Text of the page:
National Park Administration Board Galapagos (PNG), no EcuadorOn Tuesday, the 25th announced the discovery of a turtle believed to have gone extinct more than a hundred years ago. The animal was found two years ago on Fernandina Island and moved to the park’s giant turtle breeding center, but until now it was not known which species it belonged to.
Then the animal was subjected to genetic studies to find out its origin Yale University, in the United States of America. Scientists have identified it as Chelonoidis phantasticus. “The results of the genetic tests and the corresponding DNA comparison conducted with a sample extracted in 1906 were revealed by Yale University,” Galapagus Park said in a statement.
The Galapagos National Park is preparing for an expedition to hunt for more giant turtles in an effort to save the species.
“We are planning a major expedition in the second half of this year to Fernandina Island, where samples of turtle droppings were found, which gives hope that there will be other individuals of the species that have been found,” said Danny Rueda, Director of Papua New Guinea.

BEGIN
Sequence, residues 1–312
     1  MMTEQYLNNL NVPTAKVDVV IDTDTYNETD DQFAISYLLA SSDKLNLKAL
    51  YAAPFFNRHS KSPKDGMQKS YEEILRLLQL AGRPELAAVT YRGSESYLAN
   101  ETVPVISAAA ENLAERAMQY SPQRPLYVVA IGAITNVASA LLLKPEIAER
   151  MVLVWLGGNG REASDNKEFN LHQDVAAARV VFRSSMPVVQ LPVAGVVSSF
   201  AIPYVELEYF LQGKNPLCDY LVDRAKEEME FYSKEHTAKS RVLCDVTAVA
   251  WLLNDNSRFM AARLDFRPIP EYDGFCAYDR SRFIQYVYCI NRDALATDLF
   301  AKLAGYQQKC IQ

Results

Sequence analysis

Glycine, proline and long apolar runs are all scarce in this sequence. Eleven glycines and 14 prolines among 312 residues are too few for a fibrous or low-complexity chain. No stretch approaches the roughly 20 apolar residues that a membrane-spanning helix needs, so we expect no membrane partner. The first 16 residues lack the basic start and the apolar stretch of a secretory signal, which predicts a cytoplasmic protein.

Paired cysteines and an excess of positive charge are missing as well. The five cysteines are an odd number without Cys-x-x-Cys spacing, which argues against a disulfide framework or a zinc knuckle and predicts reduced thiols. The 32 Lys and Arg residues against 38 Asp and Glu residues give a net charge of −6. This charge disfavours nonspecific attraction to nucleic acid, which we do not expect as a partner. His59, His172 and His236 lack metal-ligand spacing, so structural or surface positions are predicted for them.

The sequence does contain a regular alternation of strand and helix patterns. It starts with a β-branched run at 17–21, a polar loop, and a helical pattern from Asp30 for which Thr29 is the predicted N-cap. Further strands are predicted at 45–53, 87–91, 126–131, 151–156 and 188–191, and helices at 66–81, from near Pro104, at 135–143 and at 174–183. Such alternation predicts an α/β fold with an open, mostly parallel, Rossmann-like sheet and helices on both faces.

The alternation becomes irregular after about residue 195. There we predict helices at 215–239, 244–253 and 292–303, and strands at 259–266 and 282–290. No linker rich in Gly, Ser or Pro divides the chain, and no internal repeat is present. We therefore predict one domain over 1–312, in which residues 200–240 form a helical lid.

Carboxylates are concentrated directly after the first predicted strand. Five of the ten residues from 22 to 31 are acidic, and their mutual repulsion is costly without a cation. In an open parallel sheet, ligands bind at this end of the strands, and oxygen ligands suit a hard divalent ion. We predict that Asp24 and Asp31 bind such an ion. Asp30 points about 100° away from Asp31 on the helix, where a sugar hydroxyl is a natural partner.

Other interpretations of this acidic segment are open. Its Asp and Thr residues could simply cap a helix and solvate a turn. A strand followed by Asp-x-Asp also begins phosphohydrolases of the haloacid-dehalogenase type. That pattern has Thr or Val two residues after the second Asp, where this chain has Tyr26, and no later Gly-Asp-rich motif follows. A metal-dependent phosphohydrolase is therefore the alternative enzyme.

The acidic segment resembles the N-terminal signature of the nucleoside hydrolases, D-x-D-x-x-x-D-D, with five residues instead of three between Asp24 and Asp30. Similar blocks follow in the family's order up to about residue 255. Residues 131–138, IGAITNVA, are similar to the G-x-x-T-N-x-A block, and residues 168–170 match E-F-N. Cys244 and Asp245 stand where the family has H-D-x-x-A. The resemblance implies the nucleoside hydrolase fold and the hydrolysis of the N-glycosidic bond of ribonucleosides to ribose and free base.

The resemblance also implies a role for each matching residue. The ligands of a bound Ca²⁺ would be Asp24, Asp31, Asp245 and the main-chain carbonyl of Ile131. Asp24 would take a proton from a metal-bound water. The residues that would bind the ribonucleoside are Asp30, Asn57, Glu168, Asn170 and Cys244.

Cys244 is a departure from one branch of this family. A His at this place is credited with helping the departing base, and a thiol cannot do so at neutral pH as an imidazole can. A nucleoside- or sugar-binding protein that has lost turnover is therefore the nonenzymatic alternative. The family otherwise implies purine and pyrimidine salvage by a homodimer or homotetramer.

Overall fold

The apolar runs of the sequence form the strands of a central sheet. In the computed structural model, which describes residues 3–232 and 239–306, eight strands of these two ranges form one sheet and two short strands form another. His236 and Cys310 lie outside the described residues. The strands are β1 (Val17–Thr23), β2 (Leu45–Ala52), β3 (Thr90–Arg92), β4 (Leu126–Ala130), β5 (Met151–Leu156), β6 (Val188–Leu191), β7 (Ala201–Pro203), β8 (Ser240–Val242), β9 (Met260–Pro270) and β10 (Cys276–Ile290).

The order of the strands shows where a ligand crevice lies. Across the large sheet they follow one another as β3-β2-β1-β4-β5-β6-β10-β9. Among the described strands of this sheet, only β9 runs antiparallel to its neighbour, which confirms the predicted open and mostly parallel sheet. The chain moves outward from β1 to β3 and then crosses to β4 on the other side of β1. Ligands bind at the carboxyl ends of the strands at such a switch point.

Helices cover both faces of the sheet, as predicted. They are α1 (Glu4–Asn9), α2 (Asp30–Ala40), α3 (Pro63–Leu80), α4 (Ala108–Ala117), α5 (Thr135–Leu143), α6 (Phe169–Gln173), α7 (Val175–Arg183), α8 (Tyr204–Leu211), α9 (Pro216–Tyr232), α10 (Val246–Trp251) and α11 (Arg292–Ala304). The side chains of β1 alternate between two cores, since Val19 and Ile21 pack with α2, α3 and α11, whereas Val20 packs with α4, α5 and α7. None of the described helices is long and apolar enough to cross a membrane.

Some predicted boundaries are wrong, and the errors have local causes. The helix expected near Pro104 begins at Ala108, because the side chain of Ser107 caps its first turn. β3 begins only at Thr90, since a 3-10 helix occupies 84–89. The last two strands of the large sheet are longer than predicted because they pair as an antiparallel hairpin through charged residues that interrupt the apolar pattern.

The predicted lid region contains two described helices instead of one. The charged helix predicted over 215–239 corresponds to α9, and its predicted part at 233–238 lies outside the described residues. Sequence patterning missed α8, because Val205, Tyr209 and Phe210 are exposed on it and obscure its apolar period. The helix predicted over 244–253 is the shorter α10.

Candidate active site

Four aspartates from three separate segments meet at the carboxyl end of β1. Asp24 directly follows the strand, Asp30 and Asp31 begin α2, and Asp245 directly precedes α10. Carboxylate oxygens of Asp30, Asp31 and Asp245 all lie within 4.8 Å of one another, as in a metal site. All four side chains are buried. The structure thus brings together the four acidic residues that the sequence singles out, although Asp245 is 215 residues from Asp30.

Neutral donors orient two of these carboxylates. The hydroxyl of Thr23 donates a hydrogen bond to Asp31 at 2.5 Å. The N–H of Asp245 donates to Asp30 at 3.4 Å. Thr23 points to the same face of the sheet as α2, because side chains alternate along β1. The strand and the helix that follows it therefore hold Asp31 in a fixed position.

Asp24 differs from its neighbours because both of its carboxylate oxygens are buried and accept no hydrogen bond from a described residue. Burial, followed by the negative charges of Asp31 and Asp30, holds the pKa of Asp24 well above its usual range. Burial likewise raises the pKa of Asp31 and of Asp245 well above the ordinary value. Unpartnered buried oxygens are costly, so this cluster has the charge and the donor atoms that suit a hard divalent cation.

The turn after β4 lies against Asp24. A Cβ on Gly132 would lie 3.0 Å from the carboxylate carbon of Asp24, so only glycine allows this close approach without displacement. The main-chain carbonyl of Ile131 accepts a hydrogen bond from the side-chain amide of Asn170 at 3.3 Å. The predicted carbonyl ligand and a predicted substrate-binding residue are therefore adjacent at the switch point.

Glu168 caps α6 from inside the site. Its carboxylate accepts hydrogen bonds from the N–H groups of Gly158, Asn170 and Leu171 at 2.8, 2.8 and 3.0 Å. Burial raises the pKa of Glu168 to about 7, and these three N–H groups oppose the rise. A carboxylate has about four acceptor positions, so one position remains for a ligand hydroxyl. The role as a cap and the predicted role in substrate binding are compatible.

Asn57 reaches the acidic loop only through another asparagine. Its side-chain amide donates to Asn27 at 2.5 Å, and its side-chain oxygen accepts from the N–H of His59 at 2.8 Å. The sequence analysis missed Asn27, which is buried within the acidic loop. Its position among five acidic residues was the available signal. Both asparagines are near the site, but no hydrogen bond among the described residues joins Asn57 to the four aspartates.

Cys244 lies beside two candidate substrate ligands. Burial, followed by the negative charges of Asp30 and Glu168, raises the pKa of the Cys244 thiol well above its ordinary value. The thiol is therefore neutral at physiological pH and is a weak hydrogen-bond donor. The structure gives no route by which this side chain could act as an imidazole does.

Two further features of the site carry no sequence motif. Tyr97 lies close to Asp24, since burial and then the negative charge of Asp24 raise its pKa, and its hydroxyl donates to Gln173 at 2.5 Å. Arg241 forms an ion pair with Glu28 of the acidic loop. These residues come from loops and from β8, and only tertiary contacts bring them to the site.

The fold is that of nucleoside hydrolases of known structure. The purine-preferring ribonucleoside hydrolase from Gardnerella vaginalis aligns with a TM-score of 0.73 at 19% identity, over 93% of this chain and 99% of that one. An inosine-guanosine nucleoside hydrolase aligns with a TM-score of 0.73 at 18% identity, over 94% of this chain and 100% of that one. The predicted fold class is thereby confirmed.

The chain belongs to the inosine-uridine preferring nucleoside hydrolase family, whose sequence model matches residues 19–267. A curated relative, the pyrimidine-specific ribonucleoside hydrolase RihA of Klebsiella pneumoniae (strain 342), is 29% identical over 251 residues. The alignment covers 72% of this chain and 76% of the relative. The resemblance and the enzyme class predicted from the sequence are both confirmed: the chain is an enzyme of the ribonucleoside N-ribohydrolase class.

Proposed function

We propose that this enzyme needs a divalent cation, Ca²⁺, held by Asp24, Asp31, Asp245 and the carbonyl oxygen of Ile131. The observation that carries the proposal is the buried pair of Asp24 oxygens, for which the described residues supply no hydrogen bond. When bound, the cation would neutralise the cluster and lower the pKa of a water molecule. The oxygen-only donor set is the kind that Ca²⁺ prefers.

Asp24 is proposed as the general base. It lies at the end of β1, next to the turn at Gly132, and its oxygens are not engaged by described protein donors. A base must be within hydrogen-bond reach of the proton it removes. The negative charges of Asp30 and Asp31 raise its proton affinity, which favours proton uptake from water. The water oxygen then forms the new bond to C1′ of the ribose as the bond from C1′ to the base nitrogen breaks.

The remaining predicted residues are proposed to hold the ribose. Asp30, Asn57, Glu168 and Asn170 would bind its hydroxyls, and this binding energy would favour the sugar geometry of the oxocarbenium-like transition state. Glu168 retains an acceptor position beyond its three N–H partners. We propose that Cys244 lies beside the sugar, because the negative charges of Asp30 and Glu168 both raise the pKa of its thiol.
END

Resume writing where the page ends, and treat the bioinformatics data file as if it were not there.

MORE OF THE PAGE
The Director of Conservation of the Galapagos Islands, Washington Tapia, explained that the name “Fernanda”, as it was called the turtle, could be between sixty and “maybe a hundred years”. According to the researcher, it is very difficult to calculate the exact age of the shekelone. The shield turtle is 54 cm long and small compared to most of them, which can reach more than 1.5 meters in length. She also weighed little when found in her habitat, but in captivity she gained size and is healthy.
The Galapagos Islands were used as the basis for the “evolution of species” theory of the British scholar Charles Darwin in the nineteenth century, in which many species of turtle live side by side with flamingos, birds, albatrosses and cormorants – a family of a type of water bird.
It is also home to many endangered plant and animal specimens. The current number of giant turtles of various species is estimated at 60,000, according to data from Galapagos National Park. / EFE, Reuters